Sunday Worship Services: English @ 9:30 am | Chinese @ 11 am

Pastoral Reflection: Purpose of Life (Part 3): Wor(th)ship

Over the last few weeks we have been talking about what it means to live life on purpose. Last week we discussed the overarching story of the Gospel- Creation, Fall, Redemption, Recreation and how the big story of God’s plan of salvation helps us to understand how we fit into His story. The Christian life is not about getting God to make our story work for us, but about making our lives fit into God’s story.

We cannot tell the story of Redemption without understanding the role of worship. One basic concept that is important to understand us as human beings is to understand us as worshipers. Most people don’t think about human beings in that way. We think of ourselves as workers, citizens, or members of a family or a society. But being a worshiper is a key aspect of what it means to be a human.

Last week we studied the creation account in Genesis and saw how God created humanity in His image. This applies to both genders. To be created in God’s image gave us great dignity and honor and at the same time gave us great responsibility. We were meant to display God to all creation. We were called to reflect God. In other words, we were created to be worshipers.

What does it mean to worship? As in the title, it means to give something great worth. We demonstrate the worth of something through the use of our time, our resources, our energy, our thoughts, our affections and our fears. What we worship motivates us. It’s what we think will lead us to lasting happiness and peace. This is the place that God deserves.

It’s important to remember that just because a person does not worship the Triune God, does not mean a person stops being a worshiper. The worship that should be directed to God ends up being redirected toward something else. Even those who do not profess a faith in God end up redirecting that worship toward a philosophy, a profession, recognition from others or material possessions. Part of the impact of the Fall of Adam was that our worship has been skewed. But Jesus came to restore and redirect our worship toward God. Those who are in Christ have been caught up in the beauty and wonder of Christ’s act of love. They are those are amazed that God would have mercy on us and love us in spite of our unfaithfulness. Through the work of the Holy Spirit, God leads us to redirect our worship toward him once again. Christ becomes the object of our joy and our delight. We worship to remind ourselves of God’s mercy and regularly redirect our worship to him again.

However, many have a limited concept of worship. Often when church folks talk about worship, they refer to the 15-20 minutes of singing during the Sunday Service. This leads people to separate the activities of Sunday with Monday through Saturday. This discontinuity leads people to act one way in church and a different way at home and still a different way at work or school.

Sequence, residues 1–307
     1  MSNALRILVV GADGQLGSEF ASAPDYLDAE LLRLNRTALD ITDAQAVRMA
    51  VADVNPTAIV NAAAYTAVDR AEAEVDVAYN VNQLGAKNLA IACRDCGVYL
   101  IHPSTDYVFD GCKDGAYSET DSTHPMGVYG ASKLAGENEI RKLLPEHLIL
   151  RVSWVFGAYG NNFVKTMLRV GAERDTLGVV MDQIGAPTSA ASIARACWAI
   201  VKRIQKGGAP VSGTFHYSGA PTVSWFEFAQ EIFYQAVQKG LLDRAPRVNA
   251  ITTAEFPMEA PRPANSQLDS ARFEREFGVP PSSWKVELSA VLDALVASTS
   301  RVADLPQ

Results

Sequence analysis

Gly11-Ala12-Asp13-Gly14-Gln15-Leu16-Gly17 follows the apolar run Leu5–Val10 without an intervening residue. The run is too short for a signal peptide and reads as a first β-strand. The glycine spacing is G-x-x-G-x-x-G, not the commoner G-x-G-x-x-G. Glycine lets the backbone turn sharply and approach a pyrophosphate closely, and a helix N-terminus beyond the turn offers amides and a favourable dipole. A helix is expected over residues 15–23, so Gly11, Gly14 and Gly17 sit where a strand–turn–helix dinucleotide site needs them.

But this is not the way worship is to be understood. In Romans 12:1-2, Paul writes to the church in Rome and explains what worship looks like: [1] I appeal to you therefore, brothers, by the mercies of God, to present your bodies as a living sacrifice, holy and acceptable to God, which is your spiritual worship. [2] Do not be conformed to this world, but be transformed by the renewal of your mind, that by testing you may discern what is the will of God, what is good and acceptable and perfect. (ESV)

First, we see here that Paul calls us to respond to what God has done for us. God has given us mercy. All we do in worship is respond to God’s gracious act of mercy.
Second, worship involves offering our bodies. It’s not just a mental exercise or spiritual meditation. Worship involves using our bodies and involves this physical world.
Third, it’s a living sacrifice. A sacrifice usually is connected with something that is killed. But the type of worship that God desires involves our lives.
Fourth, we’re called not to be shaped by the thinking of the world, but to be transformed by the gospel.
Fifth, our worship involves aligning our desires and ambitions toward God’s will.

What does this mean? It means our worship involves our interactions in the world. When a believer desires to put Christ on display, it is not just in the walls of the church. It is at work. It is at home. It is how we use our time, our minds, our resources, and our energy. Worship is learning to think God’s thoughts after Him. It involves desiring God’s purposes and conforming our ambitions and our lives toward those goals. How does this play out practically in my life? More on this next weekz